Stuffed Vegan Omelette
I have not had an omelette since I became a vegetarian 20 years ago. After many attempts, I feel that this recipe comes as close to the look, texture and taste of an omelette as a vegan replacement can get. I wanted to replicate the fluffiness of an omelette while maintaining a slightly chewy texture.
I used tofu for the protein along with white flour to bind. The baking powder helps to make it fluffy. The crucial ingredient to make it taste like eggs is a mineral rich salt from India called kala namak, also known as black salt. It is a pinkish colored salt with a high sulfuric content which gives it the characteristic egg-like taste. If you do not live near an Indian store you can order it online. It’s not a total loss if you are unable to get black salt, but it does help to complete the picture!
I stuffed this vegan omelette with fresh arugula, multi-colored potatoes and cheese (you can use vegan or regular).
For the “omelette”:
10 ounces extra firm tofu
1/2 cup flour
1/4 teaspoon turmeric
3/4 – 1 cup cold water (depending on the water content of the brand of tofu you use)
2 tablespoons oil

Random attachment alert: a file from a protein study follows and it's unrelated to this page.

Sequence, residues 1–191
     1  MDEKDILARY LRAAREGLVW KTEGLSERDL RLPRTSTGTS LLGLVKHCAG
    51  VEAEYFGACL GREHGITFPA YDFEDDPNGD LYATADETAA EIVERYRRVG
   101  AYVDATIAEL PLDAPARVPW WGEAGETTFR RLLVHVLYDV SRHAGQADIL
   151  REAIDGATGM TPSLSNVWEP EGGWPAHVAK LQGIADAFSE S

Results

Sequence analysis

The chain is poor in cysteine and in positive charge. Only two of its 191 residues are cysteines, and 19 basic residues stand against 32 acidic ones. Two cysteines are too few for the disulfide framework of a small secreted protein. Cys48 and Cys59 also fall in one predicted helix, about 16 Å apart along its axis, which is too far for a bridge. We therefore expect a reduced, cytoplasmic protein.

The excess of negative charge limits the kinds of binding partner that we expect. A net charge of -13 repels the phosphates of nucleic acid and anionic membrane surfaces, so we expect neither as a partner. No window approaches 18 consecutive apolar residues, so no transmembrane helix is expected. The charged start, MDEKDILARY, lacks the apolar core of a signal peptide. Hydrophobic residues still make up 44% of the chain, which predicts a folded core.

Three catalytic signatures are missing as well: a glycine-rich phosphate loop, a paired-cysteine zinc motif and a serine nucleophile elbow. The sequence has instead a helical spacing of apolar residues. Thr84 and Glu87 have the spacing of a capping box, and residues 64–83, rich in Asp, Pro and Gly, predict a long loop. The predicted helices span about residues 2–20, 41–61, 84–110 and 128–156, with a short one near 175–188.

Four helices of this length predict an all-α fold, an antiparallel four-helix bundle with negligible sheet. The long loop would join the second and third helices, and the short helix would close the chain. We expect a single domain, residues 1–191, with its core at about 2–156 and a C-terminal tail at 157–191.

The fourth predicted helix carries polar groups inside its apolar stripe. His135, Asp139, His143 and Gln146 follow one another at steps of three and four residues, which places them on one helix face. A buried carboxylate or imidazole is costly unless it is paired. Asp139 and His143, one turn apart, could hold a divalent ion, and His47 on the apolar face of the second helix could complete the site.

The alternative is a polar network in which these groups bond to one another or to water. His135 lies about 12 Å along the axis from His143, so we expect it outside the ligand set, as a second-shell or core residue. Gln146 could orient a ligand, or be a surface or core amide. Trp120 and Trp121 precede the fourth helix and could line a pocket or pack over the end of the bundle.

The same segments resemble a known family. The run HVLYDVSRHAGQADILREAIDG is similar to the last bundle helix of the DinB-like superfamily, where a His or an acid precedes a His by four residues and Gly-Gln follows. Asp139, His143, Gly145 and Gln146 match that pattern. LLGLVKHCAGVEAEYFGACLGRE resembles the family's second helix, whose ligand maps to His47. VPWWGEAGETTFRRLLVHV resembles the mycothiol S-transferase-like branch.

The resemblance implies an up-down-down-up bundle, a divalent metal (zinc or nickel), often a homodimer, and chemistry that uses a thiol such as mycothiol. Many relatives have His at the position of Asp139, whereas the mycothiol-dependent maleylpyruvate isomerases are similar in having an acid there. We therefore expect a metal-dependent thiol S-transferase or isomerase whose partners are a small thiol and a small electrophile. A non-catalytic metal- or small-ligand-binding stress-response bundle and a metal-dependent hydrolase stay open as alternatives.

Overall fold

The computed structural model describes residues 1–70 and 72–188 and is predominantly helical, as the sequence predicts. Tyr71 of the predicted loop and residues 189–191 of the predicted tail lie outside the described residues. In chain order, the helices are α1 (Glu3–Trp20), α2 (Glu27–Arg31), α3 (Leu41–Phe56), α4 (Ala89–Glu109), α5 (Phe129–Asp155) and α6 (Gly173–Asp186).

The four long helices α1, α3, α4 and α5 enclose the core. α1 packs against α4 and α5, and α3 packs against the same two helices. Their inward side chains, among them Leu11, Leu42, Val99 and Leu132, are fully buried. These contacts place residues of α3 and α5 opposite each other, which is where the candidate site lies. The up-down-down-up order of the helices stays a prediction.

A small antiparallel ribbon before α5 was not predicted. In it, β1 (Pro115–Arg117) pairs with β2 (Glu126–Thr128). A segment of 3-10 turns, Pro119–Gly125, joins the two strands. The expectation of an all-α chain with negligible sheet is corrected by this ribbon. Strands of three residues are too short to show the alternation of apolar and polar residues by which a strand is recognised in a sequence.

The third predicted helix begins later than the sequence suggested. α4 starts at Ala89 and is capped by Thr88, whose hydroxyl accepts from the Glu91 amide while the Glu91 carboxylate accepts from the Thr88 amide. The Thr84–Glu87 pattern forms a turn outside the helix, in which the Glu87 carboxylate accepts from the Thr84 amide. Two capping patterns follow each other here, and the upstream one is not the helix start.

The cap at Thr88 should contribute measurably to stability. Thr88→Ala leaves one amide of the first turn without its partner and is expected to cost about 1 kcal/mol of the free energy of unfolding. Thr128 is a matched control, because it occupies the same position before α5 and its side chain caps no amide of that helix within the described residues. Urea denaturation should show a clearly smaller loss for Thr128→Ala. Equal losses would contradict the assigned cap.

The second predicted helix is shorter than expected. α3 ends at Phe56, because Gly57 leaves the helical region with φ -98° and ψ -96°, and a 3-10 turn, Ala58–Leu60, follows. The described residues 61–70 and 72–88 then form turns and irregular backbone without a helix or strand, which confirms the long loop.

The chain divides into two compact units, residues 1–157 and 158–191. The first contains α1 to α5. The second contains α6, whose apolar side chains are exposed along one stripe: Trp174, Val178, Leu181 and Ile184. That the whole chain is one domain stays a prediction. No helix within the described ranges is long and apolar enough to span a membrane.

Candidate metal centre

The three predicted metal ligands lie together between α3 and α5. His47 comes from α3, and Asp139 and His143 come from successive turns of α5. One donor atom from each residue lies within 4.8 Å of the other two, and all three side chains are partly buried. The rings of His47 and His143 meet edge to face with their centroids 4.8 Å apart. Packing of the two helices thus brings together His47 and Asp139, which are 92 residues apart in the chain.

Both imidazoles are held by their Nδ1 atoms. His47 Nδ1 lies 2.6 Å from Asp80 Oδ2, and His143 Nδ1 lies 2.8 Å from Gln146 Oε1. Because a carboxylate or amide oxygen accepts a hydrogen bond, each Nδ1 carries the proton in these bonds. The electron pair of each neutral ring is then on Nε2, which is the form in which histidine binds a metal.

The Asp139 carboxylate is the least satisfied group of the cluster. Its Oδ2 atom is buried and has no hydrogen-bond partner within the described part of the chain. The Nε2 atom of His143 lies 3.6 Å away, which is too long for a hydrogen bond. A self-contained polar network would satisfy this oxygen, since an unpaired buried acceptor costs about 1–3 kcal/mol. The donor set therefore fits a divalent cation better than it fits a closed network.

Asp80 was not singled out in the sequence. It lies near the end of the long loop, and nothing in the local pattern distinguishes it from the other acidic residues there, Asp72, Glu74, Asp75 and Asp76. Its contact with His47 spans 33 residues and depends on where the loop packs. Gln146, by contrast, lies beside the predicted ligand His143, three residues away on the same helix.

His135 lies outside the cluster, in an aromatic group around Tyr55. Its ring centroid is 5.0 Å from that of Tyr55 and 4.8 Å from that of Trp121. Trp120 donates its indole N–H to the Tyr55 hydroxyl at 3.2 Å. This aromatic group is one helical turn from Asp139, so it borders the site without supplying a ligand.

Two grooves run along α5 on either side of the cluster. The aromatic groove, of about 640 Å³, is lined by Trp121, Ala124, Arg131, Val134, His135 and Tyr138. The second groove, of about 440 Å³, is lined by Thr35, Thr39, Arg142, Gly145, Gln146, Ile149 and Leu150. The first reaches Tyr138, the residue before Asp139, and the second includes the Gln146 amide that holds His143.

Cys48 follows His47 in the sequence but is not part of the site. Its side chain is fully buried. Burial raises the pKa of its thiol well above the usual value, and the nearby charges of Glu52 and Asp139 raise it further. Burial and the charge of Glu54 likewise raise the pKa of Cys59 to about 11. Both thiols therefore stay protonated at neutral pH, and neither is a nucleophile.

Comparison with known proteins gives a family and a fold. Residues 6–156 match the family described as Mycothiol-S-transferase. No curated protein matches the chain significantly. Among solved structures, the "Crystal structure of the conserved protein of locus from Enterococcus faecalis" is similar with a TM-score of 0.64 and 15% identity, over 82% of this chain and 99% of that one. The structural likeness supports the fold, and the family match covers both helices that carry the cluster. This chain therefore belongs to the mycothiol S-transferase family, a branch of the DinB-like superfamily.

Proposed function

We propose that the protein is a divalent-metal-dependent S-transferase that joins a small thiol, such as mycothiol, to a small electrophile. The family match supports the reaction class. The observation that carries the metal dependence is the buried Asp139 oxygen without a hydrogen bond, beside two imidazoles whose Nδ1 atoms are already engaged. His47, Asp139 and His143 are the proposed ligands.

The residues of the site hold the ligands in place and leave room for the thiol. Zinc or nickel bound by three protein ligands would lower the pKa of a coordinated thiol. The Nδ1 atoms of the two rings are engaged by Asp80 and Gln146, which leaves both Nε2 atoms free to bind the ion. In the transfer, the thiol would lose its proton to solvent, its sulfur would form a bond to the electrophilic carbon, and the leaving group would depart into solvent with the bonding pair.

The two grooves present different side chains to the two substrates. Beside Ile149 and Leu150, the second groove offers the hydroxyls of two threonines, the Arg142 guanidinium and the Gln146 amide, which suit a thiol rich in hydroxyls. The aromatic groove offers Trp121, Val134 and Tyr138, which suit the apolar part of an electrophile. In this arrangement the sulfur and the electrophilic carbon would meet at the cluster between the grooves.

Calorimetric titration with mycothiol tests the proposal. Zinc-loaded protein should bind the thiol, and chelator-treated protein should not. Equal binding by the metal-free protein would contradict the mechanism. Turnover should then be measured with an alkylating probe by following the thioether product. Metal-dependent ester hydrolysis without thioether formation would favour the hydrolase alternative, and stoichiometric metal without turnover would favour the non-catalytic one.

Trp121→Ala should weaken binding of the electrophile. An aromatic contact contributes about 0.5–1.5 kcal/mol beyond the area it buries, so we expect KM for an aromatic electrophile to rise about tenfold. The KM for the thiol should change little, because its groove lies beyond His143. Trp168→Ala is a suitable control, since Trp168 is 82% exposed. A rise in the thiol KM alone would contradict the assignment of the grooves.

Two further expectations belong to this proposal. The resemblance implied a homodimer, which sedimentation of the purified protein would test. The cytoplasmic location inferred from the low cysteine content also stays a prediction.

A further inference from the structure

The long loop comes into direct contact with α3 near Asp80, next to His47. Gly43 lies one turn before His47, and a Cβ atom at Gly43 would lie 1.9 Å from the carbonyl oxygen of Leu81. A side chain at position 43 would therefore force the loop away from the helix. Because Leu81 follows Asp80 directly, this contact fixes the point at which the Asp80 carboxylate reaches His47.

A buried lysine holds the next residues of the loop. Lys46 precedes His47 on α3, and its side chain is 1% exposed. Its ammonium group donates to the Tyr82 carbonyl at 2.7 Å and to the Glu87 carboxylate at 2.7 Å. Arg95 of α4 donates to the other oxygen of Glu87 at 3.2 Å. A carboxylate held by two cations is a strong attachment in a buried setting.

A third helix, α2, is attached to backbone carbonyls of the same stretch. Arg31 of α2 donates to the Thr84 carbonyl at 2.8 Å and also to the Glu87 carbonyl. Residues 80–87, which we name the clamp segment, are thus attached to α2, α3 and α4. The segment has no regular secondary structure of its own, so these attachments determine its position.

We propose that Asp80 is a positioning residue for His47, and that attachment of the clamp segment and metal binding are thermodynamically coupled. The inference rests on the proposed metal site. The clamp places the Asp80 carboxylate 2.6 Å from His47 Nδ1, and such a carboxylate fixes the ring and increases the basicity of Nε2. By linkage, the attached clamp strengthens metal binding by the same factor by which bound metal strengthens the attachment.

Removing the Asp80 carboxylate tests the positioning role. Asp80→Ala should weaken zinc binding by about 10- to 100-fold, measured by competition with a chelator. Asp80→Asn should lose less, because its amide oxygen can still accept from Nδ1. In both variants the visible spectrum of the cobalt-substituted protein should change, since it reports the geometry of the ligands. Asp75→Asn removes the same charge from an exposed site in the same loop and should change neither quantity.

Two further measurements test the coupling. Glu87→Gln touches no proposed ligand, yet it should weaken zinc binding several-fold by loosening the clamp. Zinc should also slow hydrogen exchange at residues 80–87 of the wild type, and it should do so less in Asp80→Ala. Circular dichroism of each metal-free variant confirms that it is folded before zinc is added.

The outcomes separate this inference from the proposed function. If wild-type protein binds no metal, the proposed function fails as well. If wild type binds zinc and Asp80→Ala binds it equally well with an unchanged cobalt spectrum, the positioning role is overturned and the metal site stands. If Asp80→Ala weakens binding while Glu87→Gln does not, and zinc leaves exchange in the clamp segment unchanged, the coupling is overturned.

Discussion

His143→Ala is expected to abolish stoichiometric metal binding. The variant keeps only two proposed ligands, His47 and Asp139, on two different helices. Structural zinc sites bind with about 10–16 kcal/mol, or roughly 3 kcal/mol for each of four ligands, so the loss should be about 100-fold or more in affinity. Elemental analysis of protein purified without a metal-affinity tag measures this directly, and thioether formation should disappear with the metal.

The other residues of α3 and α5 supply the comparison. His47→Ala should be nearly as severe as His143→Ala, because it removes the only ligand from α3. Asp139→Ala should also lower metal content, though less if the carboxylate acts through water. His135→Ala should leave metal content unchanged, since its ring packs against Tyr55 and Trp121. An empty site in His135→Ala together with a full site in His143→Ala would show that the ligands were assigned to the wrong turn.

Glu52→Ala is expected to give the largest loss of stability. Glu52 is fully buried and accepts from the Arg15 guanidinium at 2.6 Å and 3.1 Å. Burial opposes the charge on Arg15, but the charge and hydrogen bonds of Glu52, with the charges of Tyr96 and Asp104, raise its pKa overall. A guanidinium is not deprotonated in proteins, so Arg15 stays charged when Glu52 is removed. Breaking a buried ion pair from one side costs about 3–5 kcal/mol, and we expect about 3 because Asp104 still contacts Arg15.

1 tablespoon corn starch
1 teaspoon black salt (or regular salt to taste)
1 1/2 teaspoons baking powder
For the filling:
Diced potatoes, pan fried until soft and sprinkled with a little salt and black pepper.
Shredded dairy or non-dairy cheese
Prepare your filling ingredients and set them aside.
Prepare the omelette mixture. Put all ingredients except baking powder into a food processor and process until smooth. Empty the contents into a bowl and whisk out any extra lumps if needed. The mixture should be a little thinner than pudding.
Add the baking powder and whisk to incorporate. Heat up a nonstick frying pan with a little bit of oil. Even though the pan is non-stick I add a little oil to create a nice golden texture on the bottom of the omelette. Put about 3-4 tablespoons of the omelette mixture into the center of the pan and after a couple of seconds begin spreading it out with the back of the measuring spoon. If you make a very thick omelette it is more likely to break when you fold it over the filling but it will be much more fluffy. If you spread it a little thinner it is less likely to break. (**update – I have been making some thicker ones without any breakage, play around with the consistency of the batter to get it exactly the way you want it) You can always try a few small tests before you make a big one to get the hang of it.
After you spread it out put the filling ingredients on one side of the circle.
When the surface of the omelette looks fully cooked and the underside looks slightly browned, carefully flip the empty side over the filling with the help of a spatula.
Let it cook a little longer until the filling is warm and the cheese is melted. You can remove it from the pan by just sliding it onto the plate if you have trouble lifting it out with the spatula.